And it is the younger player who cracks first! 27...Nf3 – surprisingly, Houdini regards this tempting move as the decisive mistake. 28.Nc6! You have your knight, I have mine... 28...Qf5 29.b6 axb6 30.axb6 Ne5 31.b7 Qf3+ 32.Kg1 Nd3 33.Rc2 - now the exchange eliminates Black's threats once and for all
33...Qxd1+ 34.Nxd1 Nxd5 35.Ne3 Nb6 36.Ra5 Ne1 37.Re2 Nd3 Wang hao wriggles as best he can, but Loek's iron hand refutes everything. 38.Bd2 Ne5 39.Nxe5 Rxe5 40.Nf5 Rb8 41.Nxg7 Black resigns (1:0). An excellent game! Today, as generally in this event, the Dutchman has looked very solid and strong, more so than the younger players (Carlsen excepted).
The game Aronian-Leko was of a different type. If one speaks of Magnus, and compares him with some sort of ruthless technical machine, then with Levon, is more of a magician/illusionist. He plays against the man sitting opposite - "What have I got in my right hand? Yoy can't guess? Never mind, try again. In my left? Strange, again you can't guess..." In addition, he allows Chance to play a role. But it is anotehr question, that very few are able to exploit it.
Aronian - Leko
It is impossible to believe that White can make something of this. The great Cuban would have regarded playing on here as a personal affront and a sign of a lack of decent upbringing. But what a shame we have no way of knowing whetehr Capablanca would have saved this, if he had been forced to face several hours of being posed question after question, with Capa-like ease, with no adjournments and no breaks. It is hard to say...
Here Peter missed the draw, according to Houdini, but that is to take nothing away from the Armenian, who has created so many problems. Who could have held this? There followed 53...Bc2 maybe not yet losing, but the first step in the wrong direction . 54.Kxa6 Bxa4 55.b5 Bc2 56.Bd4 Bd3? – But here Houdini give sthe drawing line ... Kc8 57.b6 Kb8 58.b7 Bd3+ 59.Kb6 Be4 60.Bxf6 Bxb7 61.Bxg5 Kc8 62.h4 Be4 63.f6 Bg6 64.Kc6 Bf7 65.Kd6 Kd8 66.Ke5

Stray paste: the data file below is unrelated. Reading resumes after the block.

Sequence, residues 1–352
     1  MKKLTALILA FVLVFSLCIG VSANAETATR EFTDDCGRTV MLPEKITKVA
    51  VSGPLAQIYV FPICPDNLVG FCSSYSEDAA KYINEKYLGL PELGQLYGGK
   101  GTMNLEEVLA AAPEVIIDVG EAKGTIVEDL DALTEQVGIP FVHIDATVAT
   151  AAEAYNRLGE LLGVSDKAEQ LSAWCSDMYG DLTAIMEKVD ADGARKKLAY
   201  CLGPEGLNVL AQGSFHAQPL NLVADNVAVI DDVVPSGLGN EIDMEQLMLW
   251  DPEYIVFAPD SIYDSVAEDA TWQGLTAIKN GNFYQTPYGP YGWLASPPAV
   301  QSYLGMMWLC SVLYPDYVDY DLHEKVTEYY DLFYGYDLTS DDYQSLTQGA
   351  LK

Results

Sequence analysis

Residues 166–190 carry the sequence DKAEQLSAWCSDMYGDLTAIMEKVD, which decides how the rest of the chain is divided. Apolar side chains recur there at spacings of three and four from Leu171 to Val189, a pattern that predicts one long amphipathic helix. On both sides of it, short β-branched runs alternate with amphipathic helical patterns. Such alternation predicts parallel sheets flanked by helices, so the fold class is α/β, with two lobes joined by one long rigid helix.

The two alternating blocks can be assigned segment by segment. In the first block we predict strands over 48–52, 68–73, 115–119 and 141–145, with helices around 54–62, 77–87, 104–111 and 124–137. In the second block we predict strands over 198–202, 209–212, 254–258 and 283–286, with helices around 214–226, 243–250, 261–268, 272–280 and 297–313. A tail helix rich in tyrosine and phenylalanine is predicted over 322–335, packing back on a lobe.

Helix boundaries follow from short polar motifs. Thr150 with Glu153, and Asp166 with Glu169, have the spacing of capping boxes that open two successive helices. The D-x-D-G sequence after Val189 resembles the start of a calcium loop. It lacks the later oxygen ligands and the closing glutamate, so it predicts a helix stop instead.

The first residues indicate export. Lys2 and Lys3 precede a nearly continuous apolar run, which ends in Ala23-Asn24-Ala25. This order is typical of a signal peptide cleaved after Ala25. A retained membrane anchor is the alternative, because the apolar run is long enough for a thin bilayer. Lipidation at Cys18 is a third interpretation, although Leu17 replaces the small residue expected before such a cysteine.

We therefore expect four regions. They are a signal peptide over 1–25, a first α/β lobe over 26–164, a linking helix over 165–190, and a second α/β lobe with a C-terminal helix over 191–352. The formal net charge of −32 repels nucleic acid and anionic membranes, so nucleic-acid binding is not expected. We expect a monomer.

position from analysis
But Peter's sufferings soon ended: 57.Bxf6 Kc8 58.Bxg5 Bxf5 59.Ka7 he resigned (1:0).
Now Levon is hard on the heels of Anand and Karjakin, What next?
I wonder if Hou Yifan knows that there was such a lover of the Bg7 as EduProbably not, maybe Genna Sosonko could tell her... Either way, various lines of the Dragon and King's Indian appear regularly in the Chinese girl's games.
Giri - Hou Yifan
After White's 21st move
Hou energetically clears the path of the a-pawn: 21...a4 22.Nd4 Rxb3 23.Nxb3 Nc4 24.Nc5 dxc5 25.Ra1 Qe5 26.Bf4 Qxc3
The pawn is ready, with the help of its colleagues (especially the Bg7!) to advance to the golden square. White has to take desperate measures, but it does not change the assessment. 27.Qe2 Na5 28.Rac1 Qb4 29.Bd2 Qb6 30.Bc3 Nb3 – It is all over (-1,45: Computerkibitz: Houdini 2.0c x64Depth: 20 with 103.598 kN in 50s; http://tatasteel2013.live.whychess.com/), but Hou went wrong and almost threw away the win. The realisation of the extra exchange took some time, and the game was the longest of the tournament. But as a result, Hou moves out of last place.
Anna Ushenina will not find the match easy...
In the B Group, Robert rapport did not manage to storm Maxim Turov's fortress
Nikolic - Dubov. Daniel Dubov won his second game in a row. Tomorrow is Dubov-Rapport!
Text: Sergey Kim
Wijk aan Zee, Round six. Again one leader